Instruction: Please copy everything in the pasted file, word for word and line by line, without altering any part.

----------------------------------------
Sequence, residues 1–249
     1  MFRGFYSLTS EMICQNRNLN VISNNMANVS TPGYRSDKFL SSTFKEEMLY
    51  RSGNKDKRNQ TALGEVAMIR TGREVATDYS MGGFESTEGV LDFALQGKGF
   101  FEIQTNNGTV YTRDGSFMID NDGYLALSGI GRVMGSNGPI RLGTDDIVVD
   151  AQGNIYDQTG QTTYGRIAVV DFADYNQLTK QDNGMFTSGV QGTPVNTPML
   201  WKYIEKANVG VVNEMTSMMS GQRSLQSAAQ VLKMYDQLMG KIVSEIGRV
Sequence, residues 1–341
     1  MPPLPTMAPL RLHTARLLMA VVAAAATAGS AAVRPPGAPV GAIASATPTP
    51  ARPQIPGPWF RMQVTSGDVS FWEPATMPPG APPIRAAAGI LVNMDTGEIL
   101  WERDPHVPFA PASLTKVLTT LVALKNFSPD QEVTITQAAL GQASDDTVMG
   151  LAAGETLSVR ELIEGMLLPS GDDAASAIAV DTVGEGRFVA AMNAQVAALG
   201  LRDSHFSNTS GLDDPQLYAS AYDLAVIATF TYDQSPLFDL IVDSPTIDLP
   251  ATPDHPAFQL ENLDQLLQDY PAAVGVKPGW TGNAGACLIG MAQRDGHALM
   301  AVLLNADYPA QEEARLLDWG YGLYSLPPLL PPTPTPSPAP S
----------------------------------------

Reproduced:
Sequence, residues 1–249
     1  MFRGFYSLTS EMICQNRNLN VISNNMANVS TPGYRSDKFL SSTFKEEMLY
    51  RSGNKDKRNQ TALGEVAMIR TGREVATDYS MGGFESTEGV LDFALQGKGF
   101  FEIQTNNGTV YTRDGSFMID NDGYLALSGI GRVMGSNGPI RLGTDDIVVD
   151  AQGNIYDQTG QTTYGRIAVV DFADYNQLTK QDNGMFTSGV QGTPVNTPML
   201  WKYIEKANVG VVNEMTSMMS GQRSLQSAAQ VLKMYDQLMG KIVSEIGRV
Sequence, residues 1–341
     1  MPPLPTMAPL RLHTARLLMA VVAAAATAGS AAVRPPGAPV GAIASATPTP
    51  ARPQIPGPWF RMQVTSGDVS FWEPATMPPG APPIRAAAGI LVNMDTGEIL
   101  WERDPHVPFA PASLTKVLTT LVALKNFSPD QEVTITQAAL GQASDDTVMG
   151  LAAGETLSVR ELIEGMLLPS GDDAASAIAV DTVGEGRFVA AMNAQVAALG
   201  LRDSHFSNTS GLDDPQLYAS AYDLAVIATF TYDQSPLFDL IVDSPTIDLP
   251  ATPDHPAFQL ENLDQLLQDY PAAVGVKPGW TGNAGACLIG MAQRDGHALM
   301  AVLLNADYPA QEEARLLDWG YGLYSLPPLL PPTPTPSPAP S